Katie Gage

For over a year now, the American public has waited patiently for their elected leaders in Washington to provide the necessary leadership to turn the U.S. economy around and put the nation back on track toward low unemployment.

At the same time, top union bosses have made it very clear that they are more interested in “union jobs” than they are in jobs. And they are more interested in their “take” from the small business owners of our nation than they are in the take home pay of their employees.

Going Rogue by Sarah Palin FREE

Labor bosses have been declaring that the Employee ‘Forced’ Choice Act or EFCA was the top agenda item for Congress due to their claims that it would strengthen the economy.

And over the course of 2009, that argument has become less and less credible as unemployment has risen and small businesses have spoken with a unified voice stating the additional costs and burdens associated with EFCA would force them to close their doors .

Until recently, Richard Trumka, head of the American Federation of Labor and Congress of Industrial Organizations (AFL-CIO) was touting the fact that the Employee ‘Forced’ Choice Act would be taken up immediately after health care.

According to The Hill, “AFL-CIO Secretary-Treasurer Richard Trumka…pledged during a web chat on the liberal blog firedoglake that organized labor would work to pass healthcare reform in order to move onto one of its top priorities, the Employee Free Choice Act (EFCA).”

Just this week, we learned, that in reality, the majority in the U.S. Senate will undertake a jobs bill separate and apart from EFCA.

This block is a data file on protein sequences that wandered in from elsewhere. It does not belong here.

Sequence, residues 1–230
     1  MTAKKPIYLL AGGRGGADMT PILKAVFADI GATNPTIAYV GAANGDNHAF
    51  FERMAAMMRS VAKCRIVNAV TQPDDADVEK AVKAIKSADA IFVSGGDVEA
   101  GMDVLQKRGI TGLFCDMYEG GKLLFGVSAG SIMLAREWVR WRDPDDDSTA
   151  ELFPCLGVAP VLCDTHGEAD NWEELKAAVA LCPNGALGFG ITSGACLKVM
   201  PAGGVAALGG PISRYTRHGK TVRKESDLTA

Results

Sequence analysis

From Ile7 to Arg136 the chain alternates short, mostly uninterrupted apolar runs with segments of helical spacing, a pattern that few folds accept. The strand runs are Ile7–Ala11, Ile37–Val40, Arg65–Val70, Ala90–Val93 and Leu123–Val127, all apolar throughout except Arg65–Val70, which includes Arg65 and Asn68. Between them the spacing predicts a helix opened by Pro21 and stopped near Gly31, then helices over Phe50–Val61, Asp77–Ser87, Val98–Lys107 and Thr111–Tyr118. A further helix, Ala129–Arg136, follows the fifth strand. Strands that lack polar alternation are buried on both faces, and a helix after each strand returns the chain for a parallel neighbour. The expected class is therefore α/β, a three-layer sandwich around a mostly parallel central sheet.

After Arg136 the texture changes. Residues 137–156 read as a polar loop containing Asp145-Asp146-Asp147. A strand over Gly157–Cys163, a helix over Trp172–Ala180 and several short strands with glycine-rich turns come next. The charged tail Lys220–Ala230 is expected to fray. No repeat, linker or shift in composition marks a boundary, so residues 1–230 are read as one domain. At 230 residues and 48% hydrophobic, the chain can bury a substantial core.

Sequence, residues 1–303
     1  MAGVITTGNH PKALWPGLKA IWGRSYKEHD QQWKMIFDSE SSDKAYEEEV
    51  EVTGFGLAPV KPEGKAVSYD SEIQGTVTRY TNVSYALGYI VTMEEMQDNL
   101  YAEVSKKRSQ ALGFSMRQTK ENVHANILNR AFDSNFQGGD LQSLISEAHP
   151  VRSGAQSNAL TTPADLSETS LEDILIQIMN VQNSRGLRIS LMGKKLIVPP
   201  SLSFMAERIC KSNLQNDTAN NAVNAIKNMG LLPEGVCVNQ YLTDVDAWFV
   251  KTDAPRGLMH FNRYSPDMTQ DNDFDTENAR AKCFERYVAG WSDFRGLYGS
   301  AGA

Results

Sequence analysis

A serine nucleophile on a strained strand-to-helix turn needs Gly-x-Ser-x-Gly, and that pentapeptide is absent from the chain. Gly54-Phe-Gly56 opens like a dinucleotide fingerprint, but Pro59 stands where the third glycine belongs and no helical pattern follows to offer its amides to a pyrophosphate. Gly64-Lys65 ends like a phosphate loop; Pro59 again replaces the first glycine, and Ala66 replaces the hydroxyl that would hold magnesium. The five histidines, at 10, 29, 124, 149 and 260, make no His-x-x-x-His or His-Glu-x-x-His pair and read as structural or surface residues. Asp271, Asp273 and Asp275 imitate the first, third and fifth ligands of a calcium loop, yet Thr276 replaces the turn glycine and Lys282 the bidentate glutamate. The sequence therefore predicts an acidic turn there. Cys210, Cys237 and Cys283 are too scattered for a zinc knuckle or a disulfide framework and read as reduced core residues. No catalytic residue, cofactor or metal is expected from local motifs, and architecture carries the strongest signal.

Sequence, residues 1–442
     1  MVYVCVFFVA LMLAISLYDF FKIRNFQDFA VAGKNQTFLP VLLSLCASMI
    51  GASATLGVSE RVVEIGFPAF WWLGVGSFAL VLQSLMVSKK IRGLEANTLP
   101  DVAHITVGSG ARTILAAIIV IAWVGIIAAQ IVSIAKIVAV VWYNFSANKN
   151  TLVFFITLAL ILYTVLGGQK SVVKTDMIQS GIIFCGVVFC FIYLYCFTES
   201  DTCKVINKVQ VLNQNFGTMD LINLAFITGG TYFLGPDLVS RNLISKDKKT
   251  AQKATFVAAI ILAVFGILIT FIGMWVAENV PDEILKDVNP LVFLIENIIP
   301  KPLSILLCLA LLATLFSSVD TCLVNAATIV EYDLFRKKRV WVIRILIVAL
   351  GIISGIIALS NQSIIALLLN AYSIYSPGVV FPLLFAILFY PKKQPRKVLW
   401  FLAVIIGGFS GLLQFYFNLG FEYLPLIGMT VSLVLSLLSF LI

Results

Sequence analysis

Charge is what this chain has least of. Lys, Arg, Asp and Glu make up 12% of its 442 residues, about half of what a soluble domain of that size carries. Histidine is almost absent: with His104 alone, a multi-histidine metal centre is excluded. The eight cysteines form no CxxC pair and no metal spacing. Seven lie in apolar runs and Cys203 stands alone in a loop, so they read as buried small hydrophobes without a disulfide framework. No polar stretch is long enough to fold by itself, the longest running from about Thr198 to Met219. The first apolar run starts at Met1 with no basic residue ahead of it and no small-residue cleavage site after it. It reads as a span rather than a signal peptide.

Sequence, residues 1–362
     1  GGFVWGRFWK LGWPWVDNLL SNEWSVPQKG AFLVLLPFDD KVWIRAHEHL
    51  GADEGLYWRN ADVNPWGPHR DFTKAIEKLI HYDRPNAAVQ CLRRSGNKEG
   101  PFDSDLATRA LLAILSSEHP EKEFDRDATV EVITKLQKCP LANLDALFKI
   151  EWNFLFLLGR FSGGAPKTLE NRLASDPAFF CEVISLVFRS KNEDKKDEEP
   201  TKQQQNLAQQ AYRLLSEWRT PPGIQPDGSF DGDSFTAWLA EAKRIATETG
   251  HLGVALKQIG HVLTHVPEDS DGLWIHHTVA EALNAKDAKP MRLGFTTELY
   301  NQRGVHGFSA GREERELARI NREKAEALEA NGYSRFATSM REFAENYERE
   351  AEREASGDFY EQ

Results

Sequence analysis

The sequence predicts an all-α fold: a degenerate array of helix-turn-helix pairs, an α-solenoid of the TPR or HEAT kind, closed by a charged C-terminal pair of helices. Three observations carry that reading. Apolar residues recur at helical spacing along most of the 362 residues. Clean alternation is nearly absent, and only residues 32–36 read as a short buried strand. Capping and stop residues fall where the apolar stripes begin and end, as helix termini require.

According to Roll Call, “Top union officials say they believe Senate leaders are willing to move on card check early next year, after Congress acts on the health bill and a jobs bill.”

The key words in that line are “after Congress acts on the health bill and a jobs bill.”

Why? It reinforces what many of us already know to be true, Big Labor has lost its ability to prove that EFCA does anything but result in job loss and increased unemployment.

The Employee ‘Forced’ Choice Act would harm businesses, workers, and ultimately the economy by putting in place laws that would force unionization on employers and employees alike around the country.

Under EFCA, workers would no longer have the right to a secret ballot vote in workplace elections as a card check system would require a public declaration of either support or opposition to having their workplace unionized. Furthermore, workers would have no vote in their own contract negotiations, including the terms for wages, benefits, or workplace conditions, as EFCA would empower government bureaucrats with the ability to mandate contract terms for at least two years.

The fact is that our economy as a whole would feel the impact of this rapid, forced unionization as businesses would collapse under the economic strain and nearly 600,000 jobs would be lost within the first year the Employee ‘Forced’ Choice Act is enacted.

Labor bosses have wanted to see EFCA become law so that they could see a quick jump in membership leading to increased dues and political power. These dues would have a trickle-up effect, benefitting not just organized labor, but also their supporters on Capitol Hill. Left out in the cold would be workers losing the very rights these same union leaders have pledged to protect: the right to vote, free from intimidation and coercion, and the right to have a say and vote in contact negotiations.

As a result, Big Labor is now negotiating in secret with their political benefactors for their own personal “bailout” which would infuse them with $35 billion in new money over the next decade. They realize now that they have lost the argument with the American people and their only hope is to pressure and intimidate their friends into seeing things their way.

With every political expert in agreement that the issues driving the midterm elections are going to be jobs and spending, Members of Congress should be mindful that passage of EFCA would not only kill jobs for many Americans, but the first jobs lost just might be their own.


Katie Gage

Katie Gage is the executive director of the Workforce Fairness institute.